Tax Breaks for 2016



Having recently filed my Federal income taxes, I’m now thinking of ways I can pay the U.S. government less of my earnings next year. My guess is that a lot of you are thinking the same thing.

When it comes to home improvement, a number of tax credits for residential energy efficiency have been renewed for 2016. These tax credits are available for purchases made in 2016, as well as retroactive to purchases made in 2015, through the U.S. Environmental Protection Agency’s Energy Star program. Energy Star products are independently certified to save energy, save money and protect the environment. You’ll be able to easily identify them by the Energy Star logo prominently displayed on the product labels. Homeowners can use up to 30 percent less energy by outfitting their houses with these products, and pay less Federal tax to boot.

The following Energy Star upgrades earn a credit of 10 percent of the cost up to $500 (or a specific amount from $50-$300): biomass stoves, air-source heat pumps, central air conditioning, boilers, furnaces, insulation, roofs, water heaters, windows, doors and skylights. These credits apply if the upgrades are made to your existing home and your principal residence. (In other words, new construction and rentals don’t apply.)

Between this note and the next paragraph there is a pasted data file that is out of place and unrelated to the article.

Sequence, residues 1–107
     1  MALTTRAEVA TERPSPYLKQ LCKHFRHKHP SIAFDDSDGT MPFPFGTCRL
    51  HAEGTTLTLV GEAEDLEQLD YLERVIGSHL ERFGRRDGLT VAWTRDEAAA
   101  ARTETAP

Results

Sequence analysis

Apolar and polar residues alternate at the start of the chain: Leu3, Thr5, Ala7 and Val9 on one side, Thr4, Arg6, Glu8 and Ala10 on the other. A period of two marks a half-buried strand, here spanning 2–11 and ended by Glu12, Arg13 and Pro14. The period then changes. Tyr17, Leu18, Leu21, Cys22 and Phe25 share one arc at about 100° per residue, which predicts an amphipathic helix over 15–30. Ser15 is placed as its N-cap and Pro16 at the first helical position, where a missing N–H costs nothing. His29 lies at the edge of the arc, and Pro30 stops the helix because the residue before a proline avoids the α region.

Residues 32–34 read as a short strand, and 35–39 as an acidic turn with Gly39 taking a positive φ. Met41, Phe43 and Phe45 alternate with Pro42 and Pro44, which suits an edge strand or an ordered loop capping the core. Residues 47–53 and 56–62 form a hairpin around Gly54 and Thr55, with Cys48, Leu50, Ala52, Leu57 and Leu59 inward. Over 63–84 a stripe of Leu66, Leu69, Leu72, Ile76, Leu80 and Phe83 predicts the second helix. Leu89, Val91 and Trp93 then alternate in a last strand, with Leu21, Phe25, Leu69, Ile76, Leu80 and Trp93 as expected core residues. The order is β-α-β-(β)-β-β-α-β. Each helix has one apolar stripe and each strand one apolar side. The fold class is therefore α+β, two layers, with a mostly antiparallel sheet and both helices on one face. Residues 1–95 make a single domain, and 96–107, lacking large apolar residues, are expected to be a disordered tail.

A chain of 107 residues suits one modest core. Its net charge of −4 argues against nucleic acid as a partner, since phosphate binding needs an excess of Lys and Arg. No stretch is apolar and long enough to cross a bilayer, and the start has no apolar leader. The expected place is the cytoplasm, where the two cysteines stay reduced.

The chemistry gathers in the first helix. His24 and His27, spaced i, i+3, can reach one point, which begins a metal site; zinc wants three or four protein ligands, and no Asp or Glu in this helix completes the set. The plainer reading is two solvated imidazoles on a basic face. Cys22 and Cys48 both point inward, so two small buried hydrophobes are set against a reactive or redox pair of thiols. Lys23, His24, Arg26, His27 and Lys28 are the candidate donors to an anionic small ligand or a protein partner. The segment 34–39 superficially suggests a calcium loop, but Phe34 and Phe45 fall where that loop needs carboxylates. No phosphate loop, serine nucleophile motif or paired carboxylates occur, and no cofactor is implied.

You can deduct even more from your taxes by installing a geothermal heat pump, a solar energy system, or a small residential wind turbine. Each of these three energy-efficient systems earns a credit of 30 percent of its cost, with no upper limit. Plus, this applies to existing homes, new construction, principal homes and even secondary homes. Tough luck for folks who own rental properties, though; those don’t qualify.

So keep these figures in mind if any of the upgrades are on your to-do list for 2016. And hold onto those receipts, because they might be able to save you some major money when the next tax season rolls around.


— M. Weber

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